Eric Gales exploded onto the music scene at the age of 16 with his 1991 debut album, The Eric Gales Band.
A clip on YouTube shows him winning a local battle of the bands contest in 1989, at the age of 14, with an incendiary rendition of “Spanish Castle Magic.”
Inevitably, as with any Black blues guitarist adding a little rock to the mix, the “next Hendrix” tag was duly applied. Indeed, it did seem Gales was channeling a strong Hendrix vibe, not only by the way he played but also in how he looked.
Featuring his brother Eugene on bass and vocals, the performance showcases a staggeringly gifted guitarist, able to peel off face-melting Hendrix licks with ease.
Likewise, Gales’ first appearance on The Arsenio Hall Show, in 1991, plugging “Sign of the Storm,” from his debut album, had all the swagger of classic SRV at his best.
Gales started to learn guitar at the age of four, and, by his own admission, it came fairly easily for him. “It felt very natural,” he tells Guitar Player.
“Actually, every musical instrument I’ve played has always felt right. I believe this was something that was cast in my life before I ever started to play.”
Although right-handed, he plays left-handed on a right-handed guitar, with the bass strings at the bottom. Taught by his older brother Manuel – a lefty playing an “upside-down” axe, who achieved success under the name Little Jimmy King – Gales never questioned how he was taught.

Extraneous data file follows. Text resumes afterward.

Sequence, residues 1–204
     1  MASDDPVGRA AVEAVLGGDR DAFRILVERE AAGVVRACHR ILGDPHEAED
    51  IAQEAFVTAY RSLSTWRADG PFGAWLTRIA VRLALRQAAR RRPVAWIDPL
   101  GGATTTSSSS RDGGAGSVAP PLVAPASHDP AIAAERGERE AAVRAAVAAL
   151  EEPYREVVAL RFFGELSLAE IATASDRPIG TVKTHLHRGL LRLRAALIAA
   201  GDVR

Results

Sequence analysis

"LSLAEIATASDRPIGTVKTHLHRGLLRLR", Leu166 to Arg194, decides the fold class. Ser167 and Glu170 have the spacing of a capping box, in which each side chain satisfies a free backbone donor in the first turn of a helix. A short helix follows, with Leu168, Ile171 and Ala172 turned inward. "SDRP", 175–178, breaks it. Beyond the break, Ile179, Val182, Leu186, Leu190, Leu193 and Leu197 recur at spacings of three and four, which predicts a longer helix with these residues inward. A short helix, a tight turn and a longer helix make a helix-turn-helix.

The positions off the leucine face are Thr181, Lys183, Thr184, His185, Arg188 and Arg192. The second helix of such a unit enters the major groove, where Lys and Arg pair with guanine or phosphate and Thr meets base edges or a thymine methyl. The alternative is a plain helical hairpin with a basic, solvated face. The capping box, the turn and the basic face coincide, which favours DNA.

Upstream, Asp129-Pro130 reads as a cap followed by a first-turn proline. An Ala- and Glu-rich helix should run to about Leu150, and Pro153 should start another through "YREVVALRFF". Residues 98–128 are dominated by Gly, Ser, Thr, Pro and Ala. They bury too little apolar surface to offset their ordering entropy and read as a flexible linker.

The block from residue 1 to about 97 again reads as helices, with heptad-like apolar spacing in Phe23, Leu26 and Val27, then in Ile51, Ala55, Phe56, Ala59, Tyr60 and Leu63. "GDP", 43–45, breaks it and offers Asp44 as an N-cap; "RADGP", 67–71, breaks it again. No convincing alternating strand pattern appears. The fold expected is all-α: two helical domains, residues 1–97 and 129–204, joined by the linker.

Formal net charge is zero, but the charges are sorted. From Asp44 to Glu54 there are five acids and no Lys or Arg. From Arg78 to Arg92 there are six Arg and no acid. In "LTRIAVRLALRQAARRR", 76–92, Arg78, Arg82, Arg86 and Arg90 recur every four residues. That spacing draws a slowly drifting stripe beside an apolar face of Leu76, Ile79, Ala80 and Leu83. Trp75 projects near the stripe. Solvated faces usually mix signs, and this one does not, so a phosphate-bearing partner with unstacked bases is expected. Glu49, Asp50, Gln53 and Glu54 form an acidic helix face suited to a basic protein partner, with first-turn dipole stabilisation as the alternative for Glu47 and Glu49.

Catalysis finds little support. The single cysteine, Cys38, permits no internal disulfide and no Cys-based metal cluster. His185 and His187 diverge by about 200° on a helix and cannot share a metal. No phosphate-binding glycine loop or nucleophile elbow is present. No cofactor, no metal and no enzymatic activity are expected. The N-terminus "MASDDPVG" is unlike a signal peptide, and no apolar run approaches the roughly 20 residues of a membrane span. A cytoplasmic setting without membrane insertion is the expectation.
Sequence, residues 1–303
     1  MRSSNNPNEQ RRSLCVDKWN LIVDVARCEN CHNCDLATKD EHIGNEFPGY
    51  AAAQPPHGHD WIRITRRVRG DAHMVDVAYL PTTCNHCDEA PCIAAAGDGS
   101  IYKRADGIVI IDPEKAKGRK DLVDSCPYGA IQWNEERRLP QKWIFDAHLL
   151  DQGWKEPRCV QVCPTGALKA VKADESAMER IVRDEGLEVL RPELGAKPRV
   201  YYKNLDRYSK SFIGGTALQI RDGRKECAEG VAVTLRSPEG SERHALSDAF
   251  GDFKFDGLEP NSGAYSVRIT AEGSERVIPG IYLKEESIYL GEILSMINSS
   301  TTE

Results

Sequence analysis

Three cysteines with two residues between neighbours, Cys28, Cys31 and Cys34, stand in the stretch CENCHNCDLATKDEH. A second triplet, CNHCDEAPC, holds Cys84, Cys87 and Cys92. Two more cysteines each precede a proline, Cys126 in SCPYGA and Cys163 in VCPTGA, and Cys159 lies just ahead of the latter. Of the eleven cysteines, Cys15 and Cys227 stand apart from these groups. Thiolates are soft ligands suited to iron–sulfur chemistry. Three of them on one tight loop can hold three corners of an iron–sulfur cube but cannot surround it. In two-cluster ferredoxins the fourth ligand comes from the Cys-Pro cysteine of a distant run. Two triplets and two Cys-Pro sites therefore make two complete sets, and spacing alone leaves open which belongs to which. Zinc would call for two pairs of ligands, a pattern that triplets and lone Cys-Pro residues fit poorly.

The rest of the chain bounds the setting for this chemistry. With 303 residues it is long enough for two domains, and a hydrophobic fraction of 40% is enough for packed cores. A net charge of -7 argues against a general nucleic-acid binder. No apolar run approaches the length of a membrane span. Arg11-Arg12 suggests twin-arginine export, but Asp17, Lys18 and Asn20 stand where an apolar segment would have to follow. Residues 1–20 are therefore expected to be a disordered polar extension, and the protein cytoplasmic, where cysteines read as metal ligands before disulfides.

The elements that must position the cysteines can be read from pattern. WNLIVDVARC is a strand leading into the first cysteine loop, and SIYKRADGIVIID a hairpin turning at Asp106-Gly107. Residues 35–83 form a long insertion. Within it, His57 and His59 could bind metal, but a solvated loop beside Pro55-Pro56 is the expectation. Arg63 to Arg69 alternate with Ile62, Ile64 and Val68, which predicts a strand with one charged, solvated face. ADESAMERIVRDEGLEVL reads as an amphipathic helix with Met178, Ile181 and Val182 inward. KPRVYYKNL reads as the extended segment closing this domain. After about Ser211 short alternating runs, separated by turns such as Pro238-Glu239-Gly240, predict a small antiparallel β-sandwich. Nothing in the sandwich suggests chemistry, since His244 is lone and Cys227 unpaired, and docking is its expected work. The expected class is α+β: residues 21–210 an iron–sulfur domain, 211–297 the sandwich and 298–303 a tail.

Manuel introduced him to a whole world of great music, not only the obvious blues guitar legends but also classic rock, from the likes of Led Zeppelin and Frank Marino to mavericks like Eric Johnson, as well as the jazz guitar styles of Kenny Burrell and Wes Montgomery.
While absorbing this rich guitar gumbo, Gales was infusing the mix with the urban sounds of rap and hip-hop he heard on the radio. The result was an artist who transcended his own influences to become a significant inspiration to those who followed in his wake.
Like many musical artists, Gales has had struggles with addiction issues, and he spent 21 months in prison from 2009 for breaking probation rules after a drug conviction.